Spain got the blame because it was a neutral country in WWI and had no wartime press censorship. The countries involved in the war censored news about flu cases in their own countries. When Spain reported its cases, that news was reprinted and everyone got the idea that that’s where the epidemic started.
On the myth front, Hall explains that the flu has been attributed to vaccines, aspirin overdoses, and government/pharma conspiracies. None of which is true, of course. It's H1N1 influenza, and has been sequenced from the body of an Inuit woman buried in the Alaskan permafrost. Scientists now hypothesize that it originated in birds and mutated to allow spread to humans.

Monday, June 19, 2017

German or English?

The overlap set of English words and German proper names could make a cool Venn diagram (for instance, I wonder how many people named Dieter are dieters?). But this is a great one that I saw recently:


Do you think the person who started the Diedrich company, probably based on some newly efficient or improved way of roasting coffee, died rich? I bet he did.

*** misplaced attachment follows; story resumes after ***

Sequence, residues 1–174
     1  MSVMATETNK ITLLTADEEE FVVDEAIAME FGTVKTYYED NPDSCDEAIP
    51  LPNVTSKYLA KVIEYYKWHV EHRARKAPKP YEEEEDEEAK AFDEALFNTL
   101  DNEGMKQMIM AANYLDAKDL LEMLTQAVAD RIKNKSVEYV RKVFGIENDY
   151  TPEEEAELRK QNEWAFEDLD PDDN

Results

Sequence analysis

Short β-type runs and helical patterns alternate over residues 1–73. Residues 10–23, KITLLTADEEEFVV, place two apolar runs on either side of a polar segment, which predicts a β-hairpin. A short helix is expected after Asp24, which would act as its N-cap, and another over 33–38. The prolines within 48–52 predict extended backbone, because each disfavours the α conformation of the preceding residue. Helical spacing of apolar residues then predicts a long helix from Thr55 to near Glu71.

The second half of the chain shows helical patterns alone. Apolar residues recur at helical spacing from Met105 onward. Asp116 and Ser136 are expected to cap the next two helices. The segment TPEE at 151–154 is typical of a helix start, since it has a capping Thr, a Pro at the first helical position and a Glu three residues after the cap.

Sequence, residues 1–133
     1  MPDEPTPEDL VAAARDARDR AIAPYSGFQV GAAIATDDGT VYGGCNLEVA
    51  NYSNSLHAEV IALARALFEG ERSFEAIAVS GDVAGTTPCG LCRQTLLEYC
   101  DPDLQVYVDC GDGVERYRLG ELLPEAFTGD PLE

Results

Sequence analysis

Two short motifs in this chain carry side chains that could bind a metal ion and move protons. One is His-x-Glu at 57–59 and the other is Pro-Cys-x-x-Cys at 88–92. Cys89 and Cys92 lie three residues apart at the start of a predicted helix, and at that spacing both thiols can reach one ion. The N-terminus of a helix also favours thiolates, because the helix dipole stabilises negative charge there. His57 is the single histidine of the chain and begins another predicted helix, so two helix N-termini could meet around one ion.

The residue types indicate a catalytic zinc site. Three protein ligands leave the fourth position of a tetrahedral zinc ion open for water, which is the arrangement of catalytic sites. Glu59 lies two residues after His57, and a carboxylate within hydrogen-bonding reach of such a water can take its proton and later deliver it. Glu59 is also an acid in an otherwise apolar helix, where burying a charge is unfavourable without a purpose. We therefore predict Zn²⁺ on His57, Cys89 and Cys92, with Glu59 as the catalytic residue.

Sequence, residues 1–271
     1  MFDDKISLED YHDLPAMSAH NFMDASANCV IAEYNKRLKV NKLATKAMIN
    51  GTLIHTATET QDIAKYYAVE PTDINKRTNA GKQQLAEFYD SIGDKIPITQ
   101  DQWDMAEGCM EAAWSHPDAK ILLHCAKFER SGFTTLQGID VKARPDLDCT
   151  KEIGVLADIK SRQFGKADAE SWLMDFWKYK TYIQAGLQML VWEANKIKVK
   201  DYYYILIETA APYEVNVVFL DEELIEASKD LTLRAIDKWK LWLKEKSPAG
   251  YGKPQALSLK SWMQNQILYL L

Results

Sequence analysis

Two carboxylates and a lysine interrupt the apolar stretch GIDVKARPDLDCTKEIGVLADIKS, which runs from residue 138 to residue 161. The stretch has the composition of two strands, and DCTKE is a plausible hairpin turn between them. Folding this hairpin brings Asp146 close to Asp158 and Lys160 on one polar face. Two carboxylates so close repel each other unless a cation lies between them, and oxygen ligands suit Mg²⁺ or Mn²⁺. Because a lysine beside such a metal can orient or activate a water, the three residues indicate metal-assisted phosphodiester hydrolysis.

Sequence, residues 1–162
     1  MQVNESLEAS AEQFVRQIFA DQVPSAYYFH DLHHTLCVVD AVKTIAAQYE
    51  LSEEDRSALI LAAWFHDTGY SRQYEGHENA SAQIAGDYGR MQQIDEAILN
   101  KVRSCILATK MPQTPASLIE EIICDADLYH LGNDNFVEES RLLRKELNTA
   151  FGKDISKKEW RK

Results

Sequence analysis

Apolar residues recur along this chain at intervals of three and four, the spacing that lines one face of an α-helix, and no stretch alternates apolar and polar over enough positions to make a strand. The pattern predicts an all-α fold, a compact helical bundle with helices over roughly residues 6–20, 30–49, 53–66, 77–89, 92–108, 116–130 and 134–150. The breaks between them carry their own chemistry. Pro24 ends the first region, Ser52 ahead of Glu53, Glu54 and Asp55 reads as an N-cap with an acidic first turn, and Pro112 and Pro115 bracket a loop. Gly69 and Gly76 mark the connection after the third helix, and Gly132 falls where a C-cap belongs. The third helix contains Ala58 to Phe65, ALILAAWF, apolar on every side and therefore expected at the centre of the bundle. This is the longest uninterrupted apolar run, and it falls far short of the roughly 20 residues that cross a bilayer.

(As seen at the Dunn Brothers coffee shop in Hastings, Minnesota.)

Sunday, June 18, 2017

The Skirt Is Not the Problem

For today, a tweet storm from Josh Weed‏ (@The_Weed), unrelated to obvious current topics, but addressing a contradiction that haunts many human societies:

I am a gay man who was raised in a heteronormative world. A part of this world I have always been baffled by is "modesty" culture.

The main premise of "modesty" culture is that women need to dress in a way that doesn't provoke sexual response in men. Which is insane. I think it is absolutely crazy that a man can look at a woman and say "I think you should wear something else, because seeing your skin makes me feel aroused. And that arousal is strong and I haven't learned how to appropriately manage it. So please change your clothes.